ME? Homeschool? – A Rude Awakening
A Rude Awakening
When we moved to Charlotte, North Carolina, where did we look for a house? In the best local school district, of course! We were willing to spend more money than we had to buy a house in the right location. So we found a house and began praying for Charles’s kindergarten instructor. Bless her heart, whoever she was going to be! That summer we went to an open house and met Charles’ new teacher. I was not impressed. As we buckled the kids into the car, I looked at Davis and asked “Is that who you’ve been praying for, because that’s not who I’ve been praying for.” And he said, “You know, that’s really not who I had in mind either.” So we decided to continue praying because we had six more weeks until school started.
And then the glorious day came: the day I would get my life back. This was the day that I would go back to Bible study and start rendezvousing with friends for lunch. Charles was such a strong-willed child that I had had to withdraw from so many social activities; I simply could not predict how he was going to behave each day. But this year was going to be different. I could not have been more excited about the first day of school. We bought the new outfit, got the new lunch box (both of which I still have, by the way). We took lots of pictures, and Charles was so excited about riding the bus. And glory to God, the bus stopped just at the end of our street!
We had it all worked out. Davis was going to take Charles and the neighbor boy to school in the morning, and at the end of the day (when Savannah Anne, our newborn, would be taking a nap) my neighbor would meet the boys at the end of the street and walk them home.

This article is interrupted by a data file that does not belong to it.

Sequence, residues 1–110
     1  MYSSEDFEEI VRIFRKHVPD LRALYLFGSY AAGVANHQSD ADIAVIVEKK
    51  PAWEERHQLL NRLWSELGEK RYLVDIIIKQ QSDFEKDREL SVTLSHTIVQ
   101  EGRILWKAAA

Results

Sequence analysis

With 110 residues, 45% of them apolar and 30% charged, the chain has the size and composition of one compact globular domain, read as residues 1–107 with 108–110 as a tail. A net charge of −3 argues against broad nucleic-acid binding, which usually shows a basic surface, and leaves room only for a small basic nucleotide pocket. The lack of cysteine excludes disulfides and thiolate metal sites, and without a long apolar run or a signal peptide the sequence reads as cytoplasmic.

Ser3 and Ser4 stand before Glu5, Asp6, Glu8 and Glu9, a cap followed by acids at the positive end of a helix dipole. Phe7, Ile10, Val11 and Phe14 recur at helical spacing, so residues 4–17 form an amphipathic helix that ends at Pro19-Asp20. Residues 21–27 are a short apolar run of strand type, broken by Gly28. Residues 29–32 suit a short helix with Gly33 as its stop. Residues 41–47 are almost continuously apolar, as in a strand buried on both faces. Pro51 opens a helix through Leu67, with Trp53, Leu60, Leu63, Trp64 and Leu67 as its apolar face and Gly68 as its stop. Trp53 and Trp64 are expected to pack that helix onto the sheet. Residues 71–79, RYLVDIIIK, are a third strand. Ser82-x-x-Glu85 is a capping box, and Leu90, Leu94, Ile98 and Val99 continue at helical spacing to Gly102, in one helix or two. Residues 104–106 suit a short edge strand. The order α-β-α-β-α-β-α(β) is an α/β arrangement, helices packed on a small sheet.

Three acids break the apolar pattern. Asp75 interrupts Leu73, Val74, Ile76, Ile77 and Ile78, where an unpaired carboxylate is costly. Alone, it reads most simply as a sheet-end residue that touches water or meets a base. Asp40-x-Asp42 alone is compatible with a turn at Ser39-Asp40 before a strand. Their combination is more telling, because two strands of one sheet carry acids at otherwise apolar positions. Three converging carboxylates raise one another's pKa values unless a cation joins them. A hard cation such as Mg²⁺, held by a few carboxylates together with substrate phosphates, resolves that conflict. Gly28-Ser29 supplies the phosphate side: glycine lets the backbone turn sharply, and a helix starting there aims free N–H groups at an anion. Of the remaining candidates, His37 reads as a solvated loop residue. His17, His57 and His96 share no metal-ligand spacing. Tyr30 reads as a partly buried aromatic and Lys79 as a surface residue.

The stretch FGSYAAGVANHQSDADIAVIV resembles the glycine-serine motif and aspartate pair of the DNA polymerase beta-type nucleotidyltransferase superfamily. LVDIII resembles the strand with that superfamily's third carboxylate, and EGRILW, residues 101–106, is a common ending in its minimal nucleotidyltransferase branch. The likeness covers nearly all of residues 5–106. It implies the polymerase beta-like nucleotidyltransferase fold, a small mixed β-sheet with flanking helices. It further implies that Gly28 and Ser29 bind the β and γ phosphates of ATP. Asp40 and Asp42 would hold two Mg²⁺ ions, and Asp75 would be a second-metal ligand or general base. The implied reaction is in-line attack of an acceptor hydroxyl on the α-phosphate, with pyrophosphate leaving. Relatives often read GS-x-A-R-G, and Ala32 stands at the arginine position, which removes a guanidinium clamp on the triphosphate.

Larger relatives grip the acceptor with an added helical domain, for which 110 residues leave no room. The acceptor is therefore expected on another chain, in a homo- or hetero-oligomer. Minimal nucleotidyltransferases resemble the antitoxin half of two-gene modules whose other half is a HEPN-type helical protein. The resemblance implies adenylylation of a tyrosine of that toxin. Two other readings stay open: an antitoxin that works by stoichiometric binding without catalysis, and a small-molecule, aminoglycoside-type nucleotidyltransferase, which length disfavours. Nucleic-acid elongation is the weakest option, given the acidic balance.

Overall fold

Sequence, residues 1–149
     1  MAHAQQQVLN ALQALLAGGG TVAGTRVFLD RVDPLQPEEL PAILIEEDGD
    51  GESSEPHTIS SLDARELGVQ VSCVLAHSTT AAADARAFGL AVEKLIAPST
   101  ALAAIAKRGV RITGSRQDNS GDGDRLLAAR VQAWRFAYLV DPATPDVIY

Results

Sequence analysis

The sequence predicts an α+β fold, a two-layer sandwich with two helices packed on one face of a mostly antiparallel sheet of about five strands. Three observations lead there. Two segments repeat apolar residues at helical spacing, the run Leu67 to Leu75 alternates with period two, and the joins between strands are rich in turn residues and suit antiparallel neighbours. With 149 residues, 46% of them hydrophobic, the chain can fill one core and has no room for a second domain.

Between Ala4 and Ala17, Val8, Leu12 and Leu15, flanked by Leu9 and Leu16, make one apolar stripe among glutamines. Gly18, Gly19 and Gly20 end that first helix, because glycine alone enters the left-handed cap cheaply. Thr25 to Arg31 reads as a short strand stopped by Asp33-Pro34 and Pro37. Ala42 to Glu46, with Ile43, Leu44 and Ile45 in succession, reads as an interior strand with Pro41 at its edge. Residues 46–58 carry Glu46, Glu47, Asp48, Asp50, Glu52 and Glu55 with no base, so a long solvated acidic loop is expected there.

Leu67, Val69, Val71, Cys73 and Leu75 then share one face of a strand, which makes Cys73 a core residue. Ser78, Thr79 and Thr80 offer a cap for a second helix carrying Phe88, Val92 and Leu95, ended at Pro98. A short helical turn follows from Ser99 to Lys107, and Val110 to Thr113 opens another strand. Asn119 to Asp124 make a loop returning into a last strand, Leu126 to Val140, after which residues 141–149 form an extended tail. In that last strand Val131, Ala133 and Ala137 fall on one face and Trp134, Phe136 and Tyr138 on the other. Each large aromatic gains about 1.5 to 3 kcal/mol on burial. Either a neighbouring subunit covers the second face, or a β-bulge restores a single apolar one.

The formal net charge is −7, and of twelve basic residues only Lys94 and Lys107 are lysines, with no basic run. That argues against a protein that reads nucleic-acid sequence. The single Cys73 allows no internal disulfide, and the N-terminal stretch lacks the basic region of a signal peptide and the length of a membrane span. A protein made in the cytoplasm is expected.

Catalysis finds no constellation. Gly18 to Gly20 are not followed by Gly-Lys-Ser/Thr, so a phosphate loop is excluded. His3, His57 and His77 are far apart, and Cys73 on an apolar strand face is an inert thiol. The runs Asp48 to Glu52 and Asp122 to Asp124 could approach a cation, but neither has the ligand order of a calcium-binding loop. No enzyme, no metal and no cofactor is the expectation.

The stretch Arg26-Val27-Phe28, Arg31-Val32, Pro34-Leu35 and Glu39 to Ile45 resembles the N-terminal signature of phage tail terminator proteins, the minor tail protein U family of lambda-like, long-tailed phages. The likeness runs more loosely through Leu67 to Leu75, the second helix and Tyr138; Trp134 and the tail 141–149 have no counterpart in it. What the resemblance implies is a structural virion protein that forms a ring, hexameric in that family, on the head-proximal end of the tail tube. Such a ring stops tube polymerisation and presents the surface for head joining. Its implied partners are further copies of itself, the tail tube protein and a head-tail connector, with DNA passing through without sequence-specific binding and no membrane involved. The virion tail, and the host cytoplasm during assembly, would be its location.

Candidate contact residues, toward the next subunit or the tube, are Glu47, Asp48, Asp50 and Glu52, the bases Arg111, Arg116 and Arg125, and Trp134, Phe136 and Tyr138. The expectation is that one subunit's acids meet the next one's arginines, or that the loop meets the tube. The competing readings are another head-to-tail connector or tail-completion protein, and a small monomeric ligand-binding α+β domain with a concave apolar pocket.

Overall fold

So the first day, Davis took Charles and the neighborhood boy to school and delivered them to their kindergarten classroom. Davis took pictures, waved goodbye, and left for work. In the afternoon, I waited for Charles to return. I walked down to my mailbox at 2:30 p.m. and saw my neighbor coming over the hill. Her son was beside her and her dog, but my son was nowhere to be seen. “Where’s Charles?” I asked. And she said, “He wasn’t there.”
I ran into the house and called the school. “Oh, you must be the parent of the little boy sitting in our office,” they said. I called my husband and cried, “Charles wasn’t on the bus! They didn’t put him on the bus!”
On the first day the kids were suppose to wear a tag with their bus number pinned to their clothes. Davis said, “He had a tag on his shirt this morning. I don’t know if he took it off or what happened. I’ll take care of it.” So my husband left work, went to the school, spoke with the teacher, and sure enough, Charles still had the tag on his shirt that read “Bus 809.”
My husband told the principal, “Clearly, this is not okay. He has his tag and was supposed to get on the bus.” The principal reassured Davis, saying it was the first day of school and that things would go much smoother the next day. In fact, the principal said that Charles didn’t even need to wear the bus tag again, but Davis said, “Charles will wear the tag again tomorrow.”